Elderly Relatives & Covid-19

Danielle Cohen
By Danielle Cohen Immigration Law Solicitor Linkedin
Danielle Cohen has over 20 years of experience as a lawyer and a reputation for offering professional, honest and expert advice.
9 July 2020

During Covid-19 and the lockdown our firm remains open and we continued providing legal assistance.  One of our applications was on behalf of a Russian elderly woman who was in the UK residing with her daughter whilst on a visitor’s visa.  Our argument in respect of this client was that it was the intention of the applicant to leave at the end of the visit.  That and we submitted an in time online application.  She suffered from several health conditions and provided evidence of her illnesses including psychological conditions such as forgetfulness and anxiety.  The interesting point about this case was that the consultant cardiologist confirmed that the applicant was in a high-risk group for Covid-19 and therefore international travel was not sensible.  We demonstrated that the applicant could not manage her most basic needs without her daughters’ help, and we argued the case under paragraph 276ADE of the Immigration Rules demonstrating very significant obstacles to her reintegration back in Russia.  We emphasised that it is unattainable to suggest that she would be able to reintegrate into Russia or receive full-time live-in care given the current Covid-19 and the need to isolate and the vulnerability of older people.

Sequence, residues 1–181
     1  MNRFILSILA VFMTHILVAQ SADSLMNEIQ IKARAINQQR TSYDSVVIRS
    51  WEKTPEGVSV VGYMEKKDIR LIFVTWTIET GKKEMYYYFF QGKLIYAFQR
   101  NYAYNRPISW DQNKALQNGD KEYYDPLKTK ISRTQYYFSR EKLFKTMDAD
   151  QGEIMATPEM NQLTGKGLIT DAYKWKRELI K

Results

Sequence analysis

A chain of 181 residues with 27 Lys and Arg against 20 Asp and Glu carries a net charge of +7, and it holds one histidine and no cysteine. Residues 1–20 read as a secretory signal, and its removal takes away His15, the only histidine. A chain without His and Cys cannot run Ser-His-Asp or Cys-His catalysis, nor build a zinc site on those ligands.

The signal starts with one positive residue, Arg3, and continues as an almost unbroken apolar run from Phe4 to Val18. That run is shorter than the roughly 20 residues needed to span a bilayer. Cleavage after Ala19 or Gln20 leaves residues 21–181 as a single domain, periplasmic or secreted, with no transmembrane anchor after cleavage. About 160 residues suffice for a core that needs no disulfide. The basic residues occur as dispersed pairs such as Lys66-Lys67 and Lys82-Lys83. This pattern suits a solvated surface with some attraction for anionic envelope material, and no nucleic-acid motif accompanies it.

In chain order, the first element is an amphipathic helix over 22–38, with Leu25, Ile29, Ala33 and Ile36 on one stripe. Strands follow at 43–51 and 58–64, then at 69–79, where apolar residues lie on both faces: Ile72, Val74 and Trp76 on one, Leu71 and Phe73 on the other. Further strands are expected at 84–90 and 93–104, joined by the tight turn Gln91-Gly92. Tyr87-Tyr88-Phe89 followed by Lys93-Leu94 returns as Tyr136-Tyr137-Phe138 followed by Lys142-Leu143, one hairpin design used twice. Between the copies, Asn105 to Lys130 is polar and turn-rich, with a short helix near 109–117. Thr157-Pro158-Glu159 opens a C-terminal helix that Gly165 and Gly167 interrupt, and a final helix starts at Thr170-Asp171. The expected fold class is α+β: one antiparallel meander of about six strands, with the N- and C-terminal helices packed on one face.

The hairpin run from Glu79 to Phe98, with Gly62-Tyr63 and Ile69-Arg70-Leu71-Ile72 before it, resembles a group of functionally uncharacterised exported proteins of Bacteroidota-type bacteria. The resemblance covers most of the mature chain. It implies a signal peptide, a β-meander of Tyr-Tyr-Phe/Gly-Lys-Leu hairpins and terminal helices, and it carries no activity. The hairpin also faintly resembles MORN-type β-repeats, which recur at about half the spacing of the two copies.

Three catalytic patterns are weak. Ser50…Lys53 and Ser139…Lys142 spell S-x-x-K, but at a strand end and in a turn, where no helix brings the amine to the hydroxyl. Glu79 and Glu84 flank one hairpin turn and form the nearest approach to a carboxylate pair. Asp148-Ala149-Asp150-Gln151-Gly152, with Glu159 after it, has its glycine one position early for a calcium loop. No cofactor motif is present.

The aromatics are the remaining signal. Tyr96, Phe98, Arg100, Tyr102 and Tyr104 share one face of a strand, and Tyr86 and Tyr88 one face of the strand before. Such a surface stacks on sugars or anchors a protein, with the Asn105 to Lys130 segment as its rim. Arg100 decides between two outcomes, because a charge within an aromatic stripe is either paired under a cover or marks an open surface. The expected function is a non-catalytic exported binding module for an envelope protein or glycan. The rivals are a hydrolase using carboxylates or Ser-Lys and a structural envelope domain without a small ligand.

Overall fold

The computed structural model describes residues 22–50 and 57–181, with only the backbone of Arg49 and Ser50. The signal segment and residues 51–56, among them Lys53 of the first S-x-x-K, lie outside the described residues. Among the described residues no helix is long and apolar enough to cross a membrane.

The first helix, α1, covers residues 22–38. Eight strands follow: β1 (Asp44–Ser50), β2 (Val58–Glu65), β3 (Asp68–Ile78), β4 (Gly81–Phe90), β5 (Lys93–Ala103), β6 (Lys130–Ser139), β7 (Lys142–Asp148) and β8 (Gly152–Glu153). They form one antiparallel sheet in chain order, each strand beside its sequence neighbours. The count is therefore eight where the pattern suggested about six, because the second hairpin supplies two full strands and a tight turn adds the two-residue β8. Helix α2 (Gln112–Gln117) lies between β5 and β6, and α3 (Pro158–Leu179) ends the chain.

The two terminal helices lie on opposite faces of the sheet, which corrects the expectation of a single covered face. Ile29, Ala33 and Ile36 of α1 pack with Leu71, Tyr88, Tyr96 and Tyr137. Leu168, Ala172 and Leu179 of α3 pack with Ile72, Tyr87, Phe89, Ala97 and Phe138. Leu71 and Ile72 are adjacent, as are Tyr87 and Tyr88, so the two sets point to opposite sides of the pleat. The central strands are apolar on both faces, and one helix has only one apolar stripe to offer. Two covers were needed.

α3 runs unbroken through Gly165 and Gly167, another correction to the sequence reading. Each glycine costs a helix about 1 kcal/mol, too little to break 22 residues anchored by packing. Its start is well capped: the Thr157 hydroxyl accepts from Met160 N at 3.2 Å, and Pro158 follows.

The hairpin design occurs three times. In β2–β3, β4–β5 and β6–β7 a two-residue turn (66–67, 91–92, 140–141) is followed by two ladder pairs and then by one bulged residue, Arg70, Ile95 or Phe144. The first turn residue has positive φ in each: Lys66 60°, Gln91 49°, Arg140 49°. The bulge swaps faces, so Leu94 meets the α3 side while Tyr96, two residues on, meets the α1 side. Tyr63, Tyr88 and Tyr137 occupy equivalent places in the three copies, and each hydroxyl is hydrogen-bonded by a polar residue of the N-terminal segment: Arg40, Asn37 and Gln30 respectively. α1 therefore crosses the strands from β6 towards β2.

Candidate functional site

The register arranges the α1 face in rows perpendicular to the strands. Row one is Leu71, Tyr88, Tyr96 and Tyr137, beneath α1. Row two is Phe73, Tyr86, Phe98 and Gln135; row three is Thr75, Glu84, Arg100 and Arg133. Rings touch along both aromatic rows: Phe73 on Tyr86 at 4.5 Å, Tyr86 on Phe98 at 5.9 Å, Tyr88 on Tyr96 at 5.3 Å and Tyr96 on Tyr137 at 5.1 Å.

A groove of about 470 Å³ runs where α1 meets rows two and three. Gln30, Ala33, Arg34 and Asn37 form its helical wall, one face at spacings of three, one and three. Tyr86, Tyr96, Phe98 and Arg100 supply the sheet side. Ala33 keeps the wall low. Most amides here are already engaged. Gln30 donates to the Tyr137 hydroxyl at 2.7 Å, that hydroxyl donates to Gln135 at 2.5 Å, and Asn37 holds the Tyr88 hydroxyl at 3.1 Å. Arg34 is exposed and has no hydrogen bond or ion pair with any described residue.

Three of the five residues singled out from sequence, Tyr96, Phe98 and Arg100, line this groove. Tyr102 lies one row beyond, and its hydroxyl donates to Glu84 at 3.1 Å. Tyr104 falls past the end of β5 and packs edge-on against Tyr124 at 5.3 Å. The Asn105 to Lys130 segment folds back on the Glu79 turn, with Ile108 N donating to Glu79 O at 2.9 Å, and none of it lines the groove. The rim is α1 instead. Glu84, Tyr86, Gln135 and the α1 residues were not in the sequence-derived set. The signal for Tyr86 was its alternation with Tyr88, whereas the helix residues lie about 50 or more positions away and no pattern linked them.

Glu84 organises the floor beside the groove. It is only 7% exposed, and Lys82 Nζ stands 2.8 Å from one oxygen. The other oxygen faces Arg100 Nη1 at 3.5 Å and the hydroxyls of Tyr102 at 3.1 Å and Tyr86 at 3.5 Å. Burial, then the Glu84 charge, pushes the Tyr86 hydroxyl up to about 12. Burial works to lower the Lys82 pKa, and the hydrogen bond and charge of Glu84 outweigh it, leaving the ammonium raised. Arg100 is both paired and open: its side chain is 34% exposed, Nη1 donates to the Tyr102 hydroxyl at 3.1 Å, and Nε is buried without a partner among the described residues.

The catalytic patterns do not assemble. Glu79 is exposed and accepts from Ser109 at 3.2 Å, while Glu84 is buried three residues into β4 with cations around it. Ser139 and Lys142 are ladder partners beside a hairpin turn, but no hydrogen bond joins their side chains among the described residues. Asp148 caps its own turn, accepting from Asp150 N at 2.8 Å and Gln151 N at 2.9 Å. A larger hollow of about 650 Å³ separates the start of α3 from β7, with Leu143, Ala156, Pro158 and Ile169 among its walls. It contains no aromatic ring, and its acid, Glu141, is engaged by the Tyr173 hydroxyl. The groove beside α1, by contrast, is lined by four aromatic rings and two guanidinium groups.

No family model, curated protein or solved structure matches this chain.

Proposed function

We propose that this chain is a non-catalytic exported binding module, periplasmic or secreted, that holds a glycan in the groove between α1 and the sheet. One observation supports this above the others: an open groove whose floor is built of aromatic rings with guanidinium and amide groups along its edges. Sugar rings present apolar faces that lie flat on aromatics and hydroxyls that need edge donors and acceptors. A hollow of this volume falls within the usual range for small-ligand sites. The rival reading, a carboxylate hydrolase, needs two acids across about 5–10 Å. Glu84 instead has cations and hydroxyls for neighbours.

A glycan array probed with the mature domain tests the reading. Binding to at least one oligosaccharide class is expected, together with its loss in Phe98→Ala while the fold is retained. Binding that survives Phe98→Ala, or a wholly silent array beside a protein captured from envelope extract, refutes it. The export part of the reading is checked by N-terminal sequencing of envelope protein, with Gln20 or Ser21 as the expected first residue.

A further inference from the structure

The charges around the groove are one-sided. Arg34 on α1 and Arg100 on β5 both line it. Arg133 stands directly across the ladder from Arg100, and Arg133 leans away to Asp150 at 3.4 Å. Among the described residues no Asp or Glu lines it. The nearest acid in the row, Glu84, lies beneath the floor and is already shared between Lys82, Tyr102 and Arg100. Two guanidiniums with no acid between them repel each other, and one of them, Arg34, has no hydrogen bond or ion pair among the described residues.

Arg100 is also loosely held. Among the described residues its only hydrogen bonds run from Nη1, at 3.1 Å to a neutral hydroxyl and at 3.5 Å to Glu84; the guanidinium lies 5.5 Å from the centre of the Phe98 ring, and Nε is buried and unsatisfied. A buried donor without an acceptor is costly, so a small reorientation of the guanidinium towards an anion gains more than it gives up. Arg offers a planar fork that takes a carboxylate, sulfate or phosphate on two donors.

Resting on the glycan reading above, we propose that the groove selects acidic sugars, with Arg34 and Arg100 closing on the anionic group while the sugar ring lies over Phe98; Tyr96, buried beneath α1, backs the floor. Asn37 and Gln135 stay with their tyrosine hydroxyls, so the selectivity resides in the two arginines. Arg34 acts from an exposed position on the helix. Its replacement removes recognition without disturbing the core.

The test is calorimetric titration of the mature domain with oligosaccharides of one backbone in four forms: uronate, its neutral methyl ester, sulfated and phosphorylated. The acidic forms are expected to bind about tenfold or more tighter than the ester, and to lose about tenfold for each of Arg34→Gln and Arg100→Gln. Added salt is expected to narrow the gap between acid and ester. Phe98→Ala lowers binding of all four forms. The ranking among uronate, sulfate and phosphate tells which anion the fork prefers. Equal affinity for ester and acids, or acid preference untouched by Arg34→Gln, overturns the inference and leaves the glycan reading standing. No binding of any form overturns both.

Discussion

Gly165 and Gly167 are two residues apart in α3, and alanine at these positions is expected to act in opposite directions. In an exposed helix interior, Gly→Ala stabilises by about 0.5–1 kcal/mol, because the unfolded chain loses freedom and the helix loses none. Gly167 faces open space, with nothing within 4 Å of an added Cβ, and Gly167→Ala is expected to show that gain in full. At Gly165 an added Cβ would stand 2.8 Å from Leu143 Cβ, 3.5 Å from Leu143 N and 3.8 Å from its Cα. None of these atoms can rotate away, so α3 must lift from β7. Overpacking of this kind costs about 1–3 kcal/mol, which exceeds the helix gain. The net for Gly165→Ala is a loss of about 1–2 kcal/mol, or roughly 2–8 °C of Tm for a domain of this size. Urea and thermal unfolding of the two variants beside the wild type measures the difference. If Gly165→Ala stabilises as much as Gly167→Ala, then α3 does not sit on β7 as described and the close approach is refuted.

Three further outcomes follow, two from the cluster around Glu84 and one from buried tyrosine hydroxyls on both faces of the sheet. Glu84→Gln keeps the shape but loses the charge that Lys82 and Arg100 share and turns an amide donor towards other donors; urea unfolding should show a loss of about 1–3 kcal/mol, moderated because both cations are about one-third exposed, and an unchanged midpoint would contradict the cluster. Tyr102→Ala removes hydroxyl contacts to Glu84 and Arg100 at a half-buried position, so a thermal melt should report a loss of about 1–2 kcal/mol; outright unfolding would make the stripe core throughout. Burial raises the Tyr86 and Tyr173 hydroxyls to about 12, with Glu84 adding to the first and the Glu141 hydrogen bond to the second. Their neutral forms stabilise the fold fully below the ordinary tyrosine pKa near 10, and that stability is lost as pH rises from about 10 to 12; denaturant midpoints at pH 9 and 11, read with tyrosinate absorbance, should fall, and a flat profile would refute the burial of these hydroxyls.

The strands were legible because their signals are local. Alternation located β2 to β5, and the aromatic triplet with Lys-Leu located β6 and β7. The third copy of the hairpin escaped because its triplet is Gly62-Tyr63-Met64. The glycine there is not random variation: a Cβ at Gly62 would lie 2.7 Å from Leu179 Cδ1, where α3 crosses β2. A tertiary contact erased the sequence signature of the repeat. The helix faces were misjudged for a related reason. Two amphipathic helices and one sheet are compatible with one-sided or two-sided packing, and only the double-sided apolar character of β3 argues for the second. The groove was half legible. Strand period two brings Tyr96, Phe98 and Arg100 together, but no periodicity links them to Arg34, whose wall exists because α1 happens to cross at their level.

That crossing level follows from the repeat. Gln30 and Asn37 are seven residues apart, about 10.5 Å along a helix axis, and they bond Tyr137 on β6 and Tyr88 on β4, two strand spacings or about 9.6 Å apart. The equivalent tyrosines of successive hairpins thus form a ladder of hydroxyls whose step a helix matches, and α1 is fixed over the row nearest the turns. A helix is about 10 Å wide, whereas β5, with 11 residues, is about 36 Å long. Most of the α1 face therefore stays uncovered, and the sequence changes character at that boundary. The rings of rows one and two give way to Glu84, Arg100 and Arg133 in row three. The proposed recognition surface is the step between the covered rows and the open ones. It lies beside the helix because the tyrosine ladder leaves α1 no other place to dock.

We provided evidence that Russia has a low ranking for life expectancy and mental well-being for the elderly and that although there are social services in Russia which support the elderly population, they are currently overwhelmed due to Covid-19. We also argued the case under Article 8, the right to private and family life, and argued that the case would have been successful under the dependent relative route if the applicant was able to travel and make an entry clearance application.  We argued that on the principals of the case Chikwamba [2008] it is not proportionate to require her to leave simply to apply for entry clearance.  Our position was that the applicant was a highly vulnerable, frail and elderly, and would not survive the flight to Russia where she would be susceptible to Covid-19 and would have to live in isolation.  Her quality of life will be significantly disrupted, even by a temporary move to Russia.  The application was successful, to our delight, but most interesting for this client and to other clients who will follow in her footsteps is the remarks made by the Home Office. Her circumstances were based on her dependency on her daughter in the UK due to the current medical situation internationally, and the fact that she provided evidence of daily care.  The leave that she was granted will be subject to review before it expires, but it is heart-warming to see that the conditions of elderly people